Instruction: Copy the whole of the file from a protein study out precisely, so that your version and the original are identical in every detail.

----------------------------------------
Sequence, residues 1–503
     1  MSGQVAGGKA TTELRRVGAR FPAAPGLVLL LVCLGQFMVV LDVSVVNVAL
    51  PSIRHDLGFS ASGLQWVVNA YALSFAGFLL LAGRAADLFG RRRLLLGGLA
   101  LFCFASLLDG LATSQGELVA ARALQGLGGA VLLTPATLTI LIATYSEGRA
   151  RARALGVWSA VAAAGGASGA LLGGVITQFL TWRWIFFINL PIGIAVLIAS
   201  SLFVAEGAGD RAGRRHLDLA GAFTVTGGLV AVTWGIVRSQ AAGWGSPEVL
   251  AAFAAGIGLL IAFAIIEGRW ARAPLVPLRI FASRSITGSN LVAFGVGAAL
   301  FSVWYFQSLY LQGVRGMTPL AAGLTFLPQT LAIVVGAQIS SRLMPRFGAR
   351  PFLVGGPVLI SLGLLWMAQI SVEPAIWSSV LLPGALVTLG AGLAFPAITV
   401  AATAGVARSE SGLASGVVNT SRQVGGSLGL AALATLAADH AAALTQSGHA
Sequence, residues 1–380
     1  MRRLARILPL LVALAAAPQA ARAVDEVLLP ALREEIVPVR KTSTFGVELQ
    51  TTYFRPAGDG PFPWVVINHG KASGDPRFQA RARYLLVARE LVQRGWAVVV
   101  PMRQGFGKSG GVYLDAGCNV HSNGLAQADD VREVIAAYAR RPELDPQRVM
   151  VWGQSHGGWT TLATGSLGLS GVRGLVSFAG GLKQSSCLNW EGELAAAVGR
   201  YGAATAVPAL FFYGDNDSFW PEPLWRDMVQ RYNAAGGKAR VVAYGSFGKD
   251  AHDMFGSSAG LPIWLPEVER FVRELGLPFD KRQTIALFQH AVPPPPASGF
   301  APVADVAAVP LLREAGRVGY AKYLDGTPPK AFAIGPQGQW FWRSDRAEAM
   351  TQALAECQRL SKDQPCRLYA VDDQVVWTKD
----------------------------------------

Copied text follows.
Sequence, residues 1–503
     1  MSGQVAGGKA TTELRRVGAR FPAAPGLVLL LVCLGQFMVV LDVSVVNVAL
    51  PSIRHDLGFS ASGLQWVVNA YALSFAGFLL LAGRAADLFG RRRLLLGGLA
   101  LFCFASLLDG LATSQGELVA ARALQGLGGA VLLTPATLTI LIATYSEGRA
   151  RARALGVWSA VAAAGGASGA LLGGVITQFL TWRWIFFINL PIGIAVLIAS
   201  SLFVAEGAGD RAGRRHLDLA GAFTVTGGLV AVTWGIVRSQ AAGWGSPEVL
   251  AAFAAGIGLL IAFAIIEGRW ARAPLVPLRI FASRSITGSN LVAFGVGAAL
   301  FSVWYFQSLY LQGVRGMTPL AAGLTFLPQT LAIVVGAQIS SRLMPRFGAR
   351  PFLVGGPVLI SLGLLWMAQI SVEPAIWSSV LLPGALVTLG AGLAFPAITV
   401  AATAGVARSE SGLASGVVNT SRQVGGSLGL AALATLAADH AAALTQSGHA
Sequence, residues 1–380
     1  MRRLARILPL LVALAAAPQA ARAVDEVLLP ALREEIVPVR KTSTFGVELQ
    51  TTYFRPAGDG PFPWVVINHG KASGDPRFQA RARYLLVARE LVQRGWAVVV
   101  PMRQGFGKSG GVYLDAGCNV HSNGLAQADD VREVIAAYAR RPELDPQRVM
   151  VWGQSHGGWT TLATGSLGLS GVRGLVSFAG GLKQSSCLNW EGELAAAVGR
   201  YGAATAVPAL FFYGDNDSFW PEPLWRDMVQ RYNAAGGKAR VVAYGSFGKD
   251  AHDMFGSSAG LPIWLPEVER FVRELGLPFD KRQTIALFQH AVPPPPASGF
   301  APVADVAAVP LLREAGRVGY AKYLDGTPPK AFAIGPQGQW FWRSDRAEAM
   351  TQALAECQRL SKDQPCRLYA VDDQVVWTKD